9. Advanced electron microscopy of novel ferromagnetic materials and ferromagnet/oxide interfaces in magnetic tunnel junctions

    Science.gov (United States)

    Shi, Fengyuan

    We have studied novel ferromagnetic (FM) materials and FM electrode/tunnel barrier interfaces in magnetic tunnel junctions (MTJs) by advanced electron microscopy including scanning transmission electron microscopy (HRSTEM) and electron energy loss spectroscopy (EELS). MTJs are one of the prototypical spintronic devices, with applications in magnetic random access memory, sensors and read heads. The performance of MTJs depends on several factors, including the FM electrodes and the FM/tunnel barrier interfaces. Therefore, to realize the high performance of MTJs, we first need high quality ferromagnetic electrodes with high spin polarization. High-quality Fe3O4 and Fe4N electrodes with theoretically predicted -100% spin polarization were fabricated by various methods and investigated by HRSTEM and STEM EELS. The Fe3O4 and Fe4N thin films have low defect density and good crystallinity, but when integrated as electrodes in a MTJ, problems emerged. In a Fe4N/AlOx/Fe MTJ, the magnetoresistance was negative, but relatively small, due to a defective Fe 3O4 reaction layer formed at the Fe4N/tunnel barrier interface revealed by HRSTEM and EELS. The interfacial reaction layer was thin and discontinuous which made direct imaging difficult. Therefore, STEM EELS was used to map out the reaction layer. A Fe3O4 reaction layer was also found in a nominally symmetric CoFe/AlOx/CoFe MTJs after annealing, which also exhibited inverse TMR and a non-symmetric bias dependence. We also investigated the MTJs with the Heusler alloy Co2MnSi as one or both electrode and crystalline MgO as the tunnel barrier, which exhibit quite high TMR due to coherent tunneling. We showed that the Co2MnSi/MgO interface in these junctions is dominated by a configuration of a pure Mn plane bonded across the interface to O. This was the first observation of that interface termination. HRSTEM images also show that the fraction of MnMn/O interface termination increases with increasing Mn concentration in the CMS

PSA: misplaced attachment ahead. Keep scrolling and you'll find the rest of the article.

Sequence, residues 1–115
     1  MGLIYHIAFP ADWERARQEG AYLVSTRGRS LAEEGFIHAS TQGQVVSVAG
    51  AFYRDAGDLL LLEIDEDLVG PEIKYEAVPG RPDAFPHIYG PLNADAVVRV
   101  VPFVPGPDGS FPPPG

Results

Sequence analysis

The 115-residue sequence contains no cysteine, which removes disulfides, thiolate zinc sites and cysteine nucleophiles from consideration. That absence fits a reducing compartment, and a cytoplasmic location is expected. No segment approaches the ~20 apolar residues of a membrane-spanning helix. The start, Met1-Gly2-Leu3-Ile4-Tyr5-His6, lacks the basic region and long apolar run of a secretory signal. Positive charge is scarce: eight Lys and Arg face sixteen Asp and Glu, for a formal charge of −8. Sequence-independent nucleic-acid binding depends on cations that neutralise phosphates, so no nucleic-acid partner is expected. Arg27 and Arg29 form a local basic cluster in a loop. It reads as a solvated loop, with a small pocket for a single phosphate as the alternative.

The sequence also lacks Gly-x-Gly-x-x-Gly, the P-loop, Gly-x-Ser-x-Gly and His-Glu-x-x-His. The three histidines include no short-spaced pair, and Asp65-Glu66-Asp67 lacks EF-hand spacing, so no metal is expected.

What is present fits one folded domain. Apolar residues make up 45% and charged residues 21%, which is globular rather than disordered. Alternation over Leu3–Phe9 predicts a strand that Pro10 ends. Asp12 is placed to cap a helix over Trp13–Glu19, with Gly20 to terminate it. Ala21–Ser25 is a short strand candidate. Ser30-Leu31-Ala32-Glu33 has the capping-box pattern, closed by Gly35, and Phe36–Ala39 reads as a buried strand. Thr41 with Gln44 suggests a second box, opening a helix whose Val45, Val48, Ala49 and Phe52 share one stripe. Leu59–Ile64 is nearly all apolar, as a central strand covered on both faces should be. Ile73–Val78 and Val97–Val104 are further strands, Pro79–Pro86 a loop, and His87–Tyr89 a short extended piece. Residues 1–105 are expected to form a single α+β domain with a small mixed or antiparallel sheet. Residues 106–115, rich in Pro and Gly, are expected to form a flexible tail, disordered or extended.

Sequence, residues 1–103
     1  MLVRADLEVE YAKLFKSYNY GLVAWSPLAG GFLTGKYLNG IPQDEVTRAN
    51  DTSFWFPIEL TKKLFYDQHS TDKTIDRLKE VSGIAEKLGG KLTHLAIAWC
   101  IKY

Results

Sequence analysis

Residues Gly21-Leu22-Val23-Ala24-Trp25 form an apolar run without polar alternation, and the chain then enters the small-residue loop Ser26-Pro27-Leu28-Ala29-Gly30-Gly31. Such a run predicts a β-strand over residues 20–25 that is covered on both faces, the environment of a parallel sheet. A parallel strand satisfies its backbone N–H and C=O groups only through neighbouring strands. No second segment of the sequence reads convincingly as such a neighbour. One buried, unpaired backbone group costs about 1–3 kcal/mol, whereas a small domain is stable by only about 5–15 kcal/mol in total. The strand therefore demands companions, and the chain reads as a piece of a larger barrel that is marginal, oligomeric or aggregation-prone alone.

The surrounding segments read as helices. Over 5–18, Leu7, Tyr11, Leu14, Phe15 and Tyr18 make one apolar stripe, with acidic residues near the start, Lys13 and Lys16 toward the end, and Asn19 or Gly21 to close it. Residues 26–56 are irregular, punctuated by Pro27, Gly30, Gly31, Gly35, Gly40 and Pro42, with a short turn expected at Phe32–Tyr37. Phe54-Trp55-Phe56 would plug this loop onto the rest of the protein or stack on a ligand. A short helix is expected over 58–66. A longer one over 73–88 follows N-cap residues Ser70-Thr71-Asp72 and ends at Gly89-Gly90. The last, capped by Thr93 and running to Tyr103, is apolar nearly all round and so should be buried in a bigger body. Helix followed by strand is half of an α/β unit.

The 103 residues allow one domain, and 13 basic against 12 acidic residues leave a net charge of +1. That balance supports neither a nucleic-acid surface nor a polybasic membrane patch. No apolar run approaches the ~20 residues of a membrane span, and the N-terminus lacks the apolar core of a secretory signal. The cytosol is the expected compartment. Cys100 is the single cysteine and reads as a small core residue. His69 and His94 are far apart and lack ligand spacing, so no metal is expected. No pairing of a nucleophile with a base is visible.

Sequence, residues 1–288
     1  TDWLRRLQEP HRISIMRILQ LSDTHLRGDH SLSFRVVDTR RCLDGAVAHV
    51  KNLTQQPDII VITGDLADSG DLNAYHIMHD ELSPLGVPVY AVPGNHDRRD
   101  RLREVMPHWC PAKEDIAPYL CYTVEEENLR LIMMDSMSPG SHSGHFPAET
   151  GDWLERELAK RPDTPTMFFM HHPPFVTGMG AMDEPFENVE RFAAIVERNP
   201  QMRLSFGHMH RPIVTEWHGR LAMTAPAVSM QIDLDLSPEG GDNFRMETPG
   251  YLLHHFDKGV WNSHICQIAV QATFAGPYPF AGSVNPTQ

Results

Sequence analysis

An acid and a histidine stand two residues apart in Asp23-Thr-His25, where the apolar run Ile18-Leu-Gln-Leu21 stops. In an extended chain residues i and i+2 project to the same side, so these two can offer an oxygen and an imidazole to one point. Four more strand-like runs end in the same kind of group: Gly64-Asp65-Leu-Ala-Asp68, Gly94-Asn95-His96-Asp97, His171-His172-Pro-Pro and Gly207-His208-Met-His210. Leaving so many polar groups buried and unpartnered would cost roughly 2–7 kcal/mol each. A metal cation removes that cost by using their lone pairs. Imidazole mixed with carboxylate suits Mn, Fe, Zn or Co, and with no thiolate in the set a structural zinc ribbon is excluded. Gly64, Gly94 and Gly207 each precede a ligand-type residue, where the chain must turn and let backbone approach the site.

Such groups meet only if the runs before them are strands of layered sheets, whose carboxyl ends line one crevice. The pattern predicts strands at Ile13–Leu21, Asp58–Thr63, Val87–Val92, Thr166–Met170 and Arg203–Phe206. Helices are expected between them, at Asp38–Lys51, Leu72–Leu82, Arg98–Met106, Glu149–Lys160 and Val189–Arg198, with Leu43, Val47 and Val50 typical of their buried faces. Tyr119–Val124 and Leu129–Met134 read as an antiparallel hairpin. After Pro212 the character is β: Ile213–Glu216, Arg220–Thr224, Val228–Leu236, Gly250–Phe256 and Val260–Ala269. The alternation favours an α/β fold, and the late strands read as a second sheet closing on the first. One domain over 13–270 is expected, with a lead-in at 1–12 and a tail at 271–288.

10. Rare-Earth-Free Permanent Magnets for Electrical Vehicle Motors and Wind Turbine Generators: Hexagonal Symmetry Based Materials Systems Mn-Bi and M-type Hexaferrite

    Energy Technology Data Exchange (ETDEWEB)

    Hong, Yang-Ki [University of Alabama; Haskew, Timothy [University of Alabama; Myryasov, Oleg [University of Alabama; Jin, Sungho [University of California San Diego; Berkowitz, Ami [University of California San Diego

    2014-06-05

    The research we conducted focuses on the rare-earth (RE)-free permanent magnet by modeling, simulating, and synthesizing exchange coupled two-phase (hard/soft) RE-free core-shell nano-structured magnet. The RE-free magnets are made of magnetically hard core materials (high anisotropy materials including Mn-Bi-X and M-type hexaferrite) coated by soft shell materials (high magnetization materials including Fe-Co or Co). Therefore, our research helps understand the exchange coupling conditions of the core/shell magnets, interface exchange behavior between core and shell materials, formation mechanism of core/shell structures, stability conditions of core and shell materials, etc.

  11. Integrating non-planar metamaterials with magnetic absorbing materials to yield ultra-broadband microwave hybrid absorbers

    Science.gov (United States)

    Li, Wei; Wu, Tianlong; Wang, Wei; Guan, Jianguo; Zhai, Pengcheng

    2014-01-01